Then there is a five-year chart review. A five-year chart may seem unfair for a growth story, but long-term investors will want a long-term picture here if the valuation comes into play. It was in April of 2012 that Chipotle shares peaked at $440.00 or so, and it took until October 2013 for Chipotle to break above that figure again — and it was one impressive breakout. If Chipotle shares do not hold above $600, technicians can argue that there is nothing but dead-air down to $540 at the first stop and $500 at the next stop. After that, $440 could come back into play.
Now consider what $440 would mean on a valuation basis. With a 2016 estimate of about $20.50 in earnings per share would represent 21.5 times the “then current” earnings. That still isn’t dirt cheap but is much more realistic with a slower global and U.S. gross domestic product story.
Now look at Chipotle’s store count today versus the past. This is where things may get very complicated for Chipotle. It has so far opened 150 new restaurants during the first nine months of 2015, bringing its total restaurant count to 1,931. Guidance for 2015 was recently increased to a new store count of 215 to 225, and it sees another 220 to 235 new restaurant openings for 2016.
Now let’s look back in time and see how much more complicated its structure is becoming than years past. At the end of 2005, it had 481 restaurants and had eight restaurants operated by franchisees. At the end of 2010 it operated 1,084 restaurants. And more recently, according to its annual reports:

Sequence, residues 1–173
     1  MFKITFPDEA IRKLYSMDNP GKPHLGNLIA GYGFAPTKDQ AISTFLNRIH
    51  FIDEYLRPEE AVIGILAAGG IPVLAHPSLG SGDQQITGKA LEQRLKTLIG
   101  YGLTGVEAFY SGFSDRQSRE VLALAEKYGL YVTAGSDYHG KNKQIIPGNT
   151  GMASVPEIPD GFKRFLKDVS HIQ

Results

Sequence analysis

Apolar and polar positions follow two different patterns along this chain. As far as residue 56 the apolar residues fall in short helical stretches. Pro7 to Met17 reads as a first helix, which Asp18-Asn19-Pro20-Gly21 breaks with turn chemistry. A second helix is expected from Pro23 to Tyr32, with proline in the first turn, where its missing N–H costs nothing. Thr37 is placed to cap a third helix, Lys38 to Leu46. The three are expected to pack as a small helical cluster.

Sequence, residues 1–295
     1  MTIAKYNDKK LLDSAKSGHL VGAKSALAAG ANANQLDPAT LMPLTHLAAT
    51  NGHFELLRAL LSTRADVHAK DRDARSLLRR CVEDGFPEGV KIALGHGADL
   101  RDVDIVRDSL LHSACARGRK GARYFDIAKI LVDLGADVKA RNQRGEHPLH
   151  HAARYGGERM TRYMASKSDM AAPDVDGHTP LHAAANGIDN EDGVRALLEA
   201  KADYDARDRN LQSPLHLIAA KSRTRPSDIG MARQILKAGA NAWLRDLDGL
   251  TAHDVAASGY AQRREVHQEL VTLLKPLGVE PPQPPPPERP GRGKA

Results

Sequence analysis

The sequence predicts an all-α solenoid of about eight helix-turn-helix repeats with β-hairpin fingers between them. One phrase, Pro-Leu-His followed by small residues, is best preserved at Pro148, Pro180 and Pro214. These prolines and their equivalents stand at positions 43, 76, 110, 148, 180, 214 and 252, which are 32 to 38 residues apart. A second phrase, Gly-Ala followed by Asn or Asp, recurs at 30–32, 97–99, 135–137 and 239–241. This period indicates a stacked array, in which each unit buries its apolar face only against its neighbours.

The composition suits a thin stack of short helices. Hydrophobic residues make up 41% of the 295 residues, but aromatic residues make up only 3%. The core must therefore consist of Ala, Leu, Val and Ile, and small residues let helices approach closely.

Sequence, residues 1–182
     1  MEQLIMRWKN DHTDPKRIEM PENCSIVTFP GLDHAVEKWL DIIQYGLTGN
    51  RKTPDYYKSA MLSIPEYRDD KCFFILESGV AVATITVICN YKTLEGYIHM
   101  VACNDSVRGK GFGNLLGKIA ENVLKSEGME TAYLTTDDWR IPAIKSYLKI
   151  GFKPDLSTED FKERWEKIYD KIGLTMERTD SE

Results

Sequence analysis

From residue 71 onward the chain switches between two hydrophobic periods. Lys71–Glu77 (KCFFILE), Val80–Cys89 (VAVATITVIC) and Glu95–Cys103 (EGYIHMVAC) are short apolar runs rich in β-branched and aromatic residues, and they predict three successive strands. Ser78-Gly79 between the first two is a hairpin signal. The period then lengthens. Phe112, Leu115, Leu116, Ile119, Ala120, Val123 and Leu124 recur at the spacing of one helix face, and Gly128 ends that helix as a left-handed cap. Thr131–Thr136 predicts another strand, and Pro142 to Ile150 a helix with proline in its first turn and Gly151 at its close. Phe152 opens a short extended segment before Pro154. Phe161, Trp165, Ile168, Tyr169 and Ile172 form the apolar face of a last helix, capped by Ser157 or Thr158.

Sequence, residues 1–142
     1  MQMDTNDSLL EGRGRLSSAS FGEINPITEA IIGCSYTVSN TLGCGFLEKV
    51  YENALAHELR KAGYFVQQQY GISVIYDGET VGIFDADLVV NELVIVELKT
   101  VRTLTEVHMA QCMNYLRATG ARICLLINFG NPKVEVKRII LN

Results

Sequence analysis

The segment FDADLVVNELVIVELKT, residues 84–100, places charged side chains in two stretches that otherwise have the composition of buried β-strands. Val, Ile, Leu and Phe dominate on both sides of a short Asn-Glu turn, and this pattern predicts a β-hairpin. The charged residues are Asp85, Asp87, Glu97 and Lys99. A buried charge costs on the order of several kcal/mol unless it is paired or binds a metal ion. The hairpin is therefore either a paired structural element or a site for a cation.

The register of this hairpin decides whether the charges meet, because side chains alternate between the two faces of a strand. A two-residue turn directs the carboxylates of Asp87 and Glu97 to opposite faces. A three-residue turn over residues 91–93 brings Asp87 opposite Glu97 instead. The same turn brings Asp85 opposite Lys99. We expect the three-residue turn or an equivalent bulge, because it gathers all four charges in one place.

- As of December 31, 2012, we operated 1,410 restaurants, including Chipotle restaurants throughout the United States, as well as five in Canada, five in London, England, and one in Paris, France, and also one ShopHouse Southeast Asian Kitchen, a restaurant in Washington, D.C. serving Asian-inspired cuisine.
- As of December 31, 2013, we operated 1,572 Chipotle restaurants throughout the United States, as well as seven in Canada, six in England, two in France, and one in Germany. Additionally, our restaurants include six ShopHouse Southeast Asian Kitchen restaurants, serving Asian-inspired cuisine, and we are an investor in a consolidated entity that owns and operates one Pizzeria Locale, a fast casual pizza concept, resulting in a total of 1,595 restaurants as of December 31, 2013.
- of December 31, 2014, we operated 1,755 Chipotle restaurants throughout the United States, as well as seven in Canada, six in England, three in France, and one in Germany. Additionally, our restaurants include nine ShopHouse Southeast Asian Kitchen restaurants, serving Asian-inspired cuisine, and we are an investor in a consolidated entity that owns and operates two Pizzeria Locale restaurants, a fast casual pizza concept, resulting in a total of 1,783 restaurants as of December 31, 2014.
It remains undeniable that Chipotle has been a great growth story. Unfortunately, this is an example of what can happen when great growth stories start to mature into large-cap companies in which investors still expect strong growth when customers still expect no change in the quality and service they are used to.
Chipotle also will run into the same wage pressures as other companies. If the wage pressure and the fight for that $15 per hour becomes the norm, there will simply be no place to hide in the restaurant and retail sectors. Pressure against McDonald’s cannot remain localized if it gathers more steam — just ask Wal-Mart.
The last consideration would be that earnings surprises are becoming harder and harder to come by. Chipotle had a negative surprise on earnings in the most recent quarter, and the surprise in two of the three prior quarters was too small to even count.
Chipotle’s stock and valuation may be at a crossroads here. A drop of $200 more per share may sound harsh considering that it is almost one-third of the value today. This verdict is far from being set in stone. That being said, a drop of that magnitude now seems more possible — perhaps more than ever.